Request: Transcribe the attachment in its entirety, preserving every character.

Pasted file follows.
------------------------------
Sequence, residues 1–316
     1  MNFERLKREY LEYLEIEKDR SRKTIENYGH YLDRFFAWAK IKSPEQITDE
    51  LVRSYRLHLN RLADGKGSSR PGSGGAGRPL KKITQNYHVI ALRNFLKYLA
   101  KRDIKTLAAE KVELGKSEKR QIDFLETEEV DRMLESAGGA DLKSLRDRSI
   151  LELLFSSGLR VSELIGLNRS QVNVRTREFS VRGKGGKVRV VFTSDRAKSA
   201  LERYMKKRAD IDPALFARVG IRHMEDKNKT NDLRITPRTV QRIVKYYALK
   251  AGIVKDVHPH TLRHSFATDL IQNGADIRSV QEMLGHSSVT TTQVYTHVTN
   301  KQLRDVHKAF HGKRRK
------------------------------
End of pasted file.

Sequence, residues 1–316
     1  MNFERLKREY LEYLEIEKDR SRKTIENYGH YLDRFFAWAK IKSPEQITDE
    51  LVRSYRLHLN RLADGKGSSR PGSGGAGRPL KKITQNYHVI ALRNFLKYLA
   101  KRDIKTLAAE KVELGKSEKR QIDFLETEEV DRMLESAGGA DLKSLRDRSI
   151  LELLFSSGLR VSELIGLNRS QVNVRTREFS VRGKGGKVRV VFTSDRAKSA
   201  LERYMKKRAD IDPALFARVG IRHMEDKNKT NDLRITPRTV QRIVKYYALK
   251  AGIVKDVHPH TLRHSFATDL IQNGADIRSV QEMLGHSSVT TTQVYTHVTN
   301  KQLRDVHKAF HGKRRK